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  • Rutgers Students Demand Black, Female And Third-Gender Representation Among Mascots

    The student government at Rutgers University has approved a resolution calling for the creation of more diverse mascots at the school, arguing the current Scarlet Knight mascot is too white and too male to represent the current student body.

    The resolution says the current mascot should be joined by several additional Scarlet Knights who are black, Hispanic, female or even third-gender, though no exact line-up is specified.

    The Rutgers Scarlet Knight mascot
    The Rutgers Scarlet Knight mascot

    “That we would really leave it up to the different student organizations … and basically the student body as a whole to determine how many knights they’d like and what these knights would represent,” Rutgers student assembly parliamentarian Emmet Brennan told The Daily Targum.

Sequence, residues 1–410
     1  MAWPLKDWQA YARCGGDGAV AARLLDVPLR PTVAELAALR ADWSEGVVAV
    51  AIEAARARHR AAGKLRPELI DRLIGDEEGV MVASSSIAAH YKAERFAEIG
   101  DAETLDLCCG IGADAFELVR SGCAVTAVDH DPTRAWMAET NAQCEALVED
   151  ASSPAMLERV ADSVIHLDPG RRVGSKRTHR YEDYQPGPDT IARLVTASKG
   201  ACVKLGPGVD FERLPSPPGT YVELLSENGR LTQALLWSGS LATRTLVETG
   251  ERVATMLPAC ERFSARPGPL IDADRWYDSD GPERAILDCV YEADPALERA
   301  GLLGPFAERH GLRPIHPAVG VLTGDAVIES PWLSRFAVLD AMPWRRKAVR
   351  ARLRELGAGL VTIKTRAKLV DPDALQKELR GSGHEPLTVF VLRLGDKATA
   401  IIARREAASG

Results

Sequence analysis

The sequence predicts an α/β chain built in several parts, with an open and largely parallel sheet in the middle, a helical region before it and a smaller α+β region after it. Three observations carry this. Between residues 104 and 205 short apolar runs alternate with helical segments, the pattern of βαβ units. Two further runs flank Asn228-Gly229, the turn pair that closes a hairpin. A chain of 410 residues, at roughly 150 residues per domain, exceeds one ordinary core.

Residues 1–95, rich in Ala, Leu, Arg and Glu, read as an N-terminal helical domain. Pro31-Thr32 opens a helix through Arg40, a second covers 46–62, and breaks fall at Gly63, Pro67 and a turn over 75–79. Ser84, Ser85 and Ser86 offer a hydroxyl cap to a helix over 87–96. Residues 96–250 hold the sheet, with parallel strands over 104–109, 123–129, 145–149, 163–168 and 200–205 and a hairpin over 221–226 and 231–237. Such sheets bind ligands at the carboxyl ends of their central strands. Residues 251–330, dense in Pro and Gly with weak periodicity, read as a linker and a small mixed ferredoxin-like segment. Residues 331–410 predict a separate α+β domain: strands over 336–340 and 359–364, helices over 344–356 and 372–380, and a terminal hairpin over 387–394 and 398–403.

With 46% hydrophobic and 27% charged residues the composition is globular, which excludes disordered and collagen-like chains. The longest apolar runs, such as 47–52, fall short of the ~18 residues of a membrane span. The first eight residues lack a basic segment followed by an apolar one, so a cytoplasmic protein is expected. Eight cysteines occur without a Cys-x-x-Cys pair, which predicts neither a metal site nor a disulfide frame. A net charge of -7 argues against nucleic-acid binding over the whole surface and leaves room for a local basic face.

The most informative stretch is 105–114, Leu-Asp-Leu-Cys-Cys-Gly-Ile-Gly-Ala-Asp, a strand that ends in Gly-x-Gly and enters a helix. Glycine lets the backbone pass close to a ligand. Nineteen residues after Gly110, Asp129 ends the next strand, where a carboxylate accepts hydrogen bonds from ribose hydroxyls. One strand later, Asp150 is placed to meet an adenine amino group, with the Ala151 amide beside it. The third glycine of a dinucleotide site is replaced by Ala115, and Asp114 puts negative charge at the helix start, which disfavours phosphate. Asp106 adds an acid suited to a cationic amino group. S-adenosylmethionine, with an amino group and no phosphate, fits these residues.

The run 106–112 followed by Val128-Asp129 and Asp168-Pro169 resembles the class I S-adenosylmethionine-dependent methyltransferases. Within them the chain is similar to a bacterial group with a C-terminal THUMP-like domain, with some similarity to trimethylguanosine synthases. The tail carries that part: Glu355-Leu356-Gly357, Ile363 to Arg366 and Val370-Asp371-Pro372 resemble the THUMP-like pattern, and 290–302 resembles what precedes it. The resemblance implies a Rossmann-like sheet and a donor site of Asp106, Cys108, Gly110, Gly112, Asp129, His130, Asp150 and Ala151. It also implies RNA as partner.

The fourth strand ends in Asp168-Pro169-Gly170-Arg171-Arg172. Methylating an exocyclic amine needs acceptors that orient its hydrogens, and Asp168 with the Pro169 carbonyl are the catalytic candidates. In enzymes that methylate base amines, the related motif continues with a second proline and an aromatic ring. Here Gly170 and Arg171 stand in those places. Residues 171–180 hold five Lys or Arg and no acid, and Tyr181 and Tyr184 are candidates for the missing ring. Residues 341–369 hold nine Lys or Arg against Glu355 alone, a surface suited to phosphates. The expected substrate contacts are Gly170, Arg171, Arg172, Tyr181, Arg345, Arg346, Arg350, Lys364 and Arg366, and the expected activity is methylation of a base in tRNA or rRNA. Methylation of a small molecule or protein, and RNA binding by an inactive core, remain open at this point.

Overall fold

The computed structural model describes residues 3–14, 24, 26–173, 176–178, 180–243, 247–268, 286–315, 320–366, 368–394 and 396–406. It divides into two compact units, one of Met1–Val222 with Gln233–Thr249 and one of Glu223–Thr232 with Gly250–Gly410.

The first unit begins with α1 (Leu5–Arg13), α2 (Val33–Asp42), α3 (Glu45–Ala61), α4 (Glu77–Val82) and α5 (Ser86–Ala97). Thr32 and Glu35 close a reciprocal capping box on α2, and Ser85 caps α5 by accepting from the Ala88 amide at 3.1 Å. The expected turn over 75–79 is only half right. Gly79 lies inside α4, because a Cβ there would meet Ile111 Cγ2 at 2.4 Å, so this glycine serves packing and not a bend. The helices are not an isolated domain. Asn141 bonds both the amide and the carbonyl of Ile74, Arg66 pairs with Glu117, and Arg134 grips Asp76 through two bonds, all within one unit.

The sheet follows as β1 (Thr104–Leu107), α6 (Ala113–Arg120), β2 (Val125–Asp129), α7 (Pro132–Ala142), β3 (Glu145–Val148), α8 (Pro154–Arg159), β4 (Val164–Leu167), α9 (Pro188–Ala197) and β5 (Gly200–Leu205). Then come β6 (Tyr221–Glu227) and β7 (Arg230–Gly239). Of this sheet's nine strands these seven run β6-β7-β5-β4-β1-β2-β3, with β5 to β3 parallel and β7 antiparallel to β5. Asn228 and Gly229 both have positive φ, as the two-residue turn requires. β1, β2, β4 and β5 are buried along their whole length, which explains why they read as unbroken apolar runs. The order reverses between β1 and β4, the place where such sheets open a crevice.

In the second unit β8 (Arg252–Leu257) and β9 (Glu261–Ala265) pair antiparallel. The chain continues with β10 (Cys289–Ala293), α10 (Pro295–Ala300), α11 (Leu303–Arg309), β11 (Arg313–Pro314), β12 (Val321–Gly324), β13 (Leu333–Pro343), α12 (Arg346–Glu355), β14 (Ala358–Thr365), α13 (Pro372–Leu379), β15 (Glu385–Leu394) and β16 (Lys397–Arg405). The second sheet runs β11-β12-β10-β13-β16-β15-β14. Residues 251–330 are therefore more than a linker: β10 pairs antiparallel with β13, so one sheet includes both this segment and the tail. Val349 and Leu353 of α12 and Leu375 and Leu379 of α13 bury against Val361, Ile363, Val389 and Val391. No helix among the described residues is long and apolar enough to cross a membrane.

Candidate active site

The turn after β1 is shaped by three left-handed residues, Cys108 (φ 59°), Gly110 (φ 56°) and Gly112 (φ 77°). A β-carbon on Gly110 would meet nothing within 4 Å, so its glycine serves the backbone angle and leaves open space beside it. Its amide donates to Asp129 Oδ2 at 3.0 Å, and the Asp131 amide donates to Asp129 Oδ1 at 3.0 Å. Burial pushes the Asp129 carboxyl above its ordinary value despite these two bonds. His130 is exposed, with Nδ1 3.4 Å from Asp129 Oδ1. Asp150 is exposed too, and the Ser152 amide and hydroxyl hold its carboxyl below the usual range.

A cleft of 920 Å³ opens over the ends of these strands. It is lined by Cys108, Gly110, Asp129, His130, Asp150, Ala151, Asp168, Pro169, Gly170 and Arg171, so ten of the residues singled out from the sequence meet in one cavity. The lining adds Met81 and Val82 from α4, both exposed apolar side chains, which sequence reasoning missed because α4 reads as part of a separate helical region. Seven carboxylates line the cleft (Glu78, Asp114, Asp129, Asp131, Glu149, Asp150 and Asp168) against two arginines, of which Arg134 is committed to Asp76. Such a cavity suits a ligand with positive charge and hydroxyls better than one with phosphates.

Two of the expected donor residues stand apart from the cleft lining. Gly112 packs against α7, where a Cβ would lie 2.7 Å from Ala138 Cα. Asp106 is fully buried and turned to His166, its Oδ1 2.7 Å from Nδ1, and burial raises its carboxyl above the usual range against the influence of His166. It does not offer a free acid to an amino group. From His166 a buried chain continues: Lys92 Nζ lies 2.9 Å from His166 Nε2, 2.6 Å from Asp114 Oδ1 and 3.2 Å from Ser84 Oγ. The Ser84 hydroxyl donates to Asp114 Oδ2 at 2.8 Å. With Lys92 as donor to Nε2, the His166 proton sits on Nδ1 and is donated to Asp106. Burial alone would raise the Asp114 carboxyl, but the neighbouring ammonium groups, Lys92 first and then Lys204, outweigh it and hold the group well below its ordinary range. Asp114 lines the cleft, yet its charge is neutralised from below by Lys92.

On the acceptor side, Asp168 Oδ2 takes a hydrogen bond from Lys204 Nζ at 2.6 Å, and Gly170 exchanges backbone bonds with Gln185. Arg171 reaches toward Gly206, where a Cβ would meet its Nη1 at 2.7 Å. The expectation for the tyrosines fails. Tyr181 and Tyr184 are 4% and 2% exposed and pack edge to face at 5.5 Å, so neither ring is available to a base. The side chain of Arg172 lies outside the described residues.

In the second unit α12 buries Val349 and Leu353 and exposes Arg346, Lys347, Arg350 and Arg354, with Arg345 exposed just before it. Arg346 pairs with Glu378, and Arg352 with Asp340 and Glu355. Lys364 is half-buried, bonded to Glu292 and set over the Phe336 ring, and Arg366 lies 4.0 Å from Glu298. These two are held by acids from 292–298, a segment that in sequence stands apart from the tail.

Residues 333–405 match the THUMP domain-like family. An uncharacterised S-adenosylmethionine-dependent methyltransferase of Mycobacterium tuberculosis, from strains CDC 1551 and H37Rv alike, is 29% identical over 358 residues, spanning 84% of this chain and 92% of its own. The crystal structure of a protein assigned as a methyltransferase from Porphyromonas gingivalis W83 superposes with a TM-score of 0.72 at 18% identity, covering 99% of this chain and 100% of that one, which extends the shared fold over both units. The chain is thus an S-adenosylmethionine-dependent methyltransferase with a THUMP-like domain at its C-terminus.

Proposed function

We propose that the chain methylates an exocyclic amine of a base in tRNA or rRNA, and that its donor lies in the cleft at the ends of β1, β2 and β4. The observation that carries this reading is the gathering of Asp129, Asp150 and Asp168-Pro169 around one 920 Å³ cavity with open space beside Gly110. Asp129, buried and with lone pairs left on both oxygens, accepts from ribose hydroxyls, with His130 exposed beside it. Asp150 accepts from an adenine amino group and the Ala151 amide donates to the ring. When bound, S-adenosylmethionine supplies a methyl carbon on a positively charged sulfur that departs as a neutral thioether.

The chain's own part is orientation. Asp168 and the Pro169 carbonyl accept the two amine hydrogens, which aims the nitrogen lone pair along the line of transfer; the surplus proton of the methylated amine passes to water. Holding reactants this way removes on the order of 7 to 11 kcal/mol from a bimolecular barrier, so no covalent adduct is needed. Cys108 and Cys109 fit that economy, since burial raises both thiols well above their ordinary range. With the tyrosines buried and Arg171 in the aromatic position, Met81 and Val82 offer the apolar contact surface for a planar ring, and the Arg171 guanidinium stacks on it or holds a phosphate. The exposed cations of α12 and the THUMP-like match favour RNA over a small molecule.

Brennan introduced the resolution, after deciding it “does not seem right” for Rutgers who have a white, blue-eyed, male mascot represent the entire campus.

    While the resolution passed the student assembly, it still has a ways to go to before the white Scarlet Knight is joined by a black Hispanic third-gender one. Brennan says he has to take the resolution before school administrators, who could choose whether to provide resources to fund the development of new mascot costumes. Brennan also told the Targum he would have to overcome “inevitable” backlash from alumni.

    “I mean, obviously you’re going to have people who are going to say, you know, we’re destroying tradition,” he said. “There’s always going to be people who complain, but I think we won’t receive that much pushback because we are keeping the current knight. We’re just, I think, taking pride in our current diversity as a school as we are now, but also recognizing where we were.”

    Even if alumni and the school administration object, however, it’s possible the student assembly could fund additional mascot costumes on its own. If students have sufficient willpower, it’s possible that the creation of new mascots is just a matter of time.

    This isn’t the first time Rutgers traditions have been targeted in the name of greater inclusion. Two years ago, the school’s 140-year-old alma mater, “On the Banks of the Old Raritan,” was modified to have gender-neutral lyrics.

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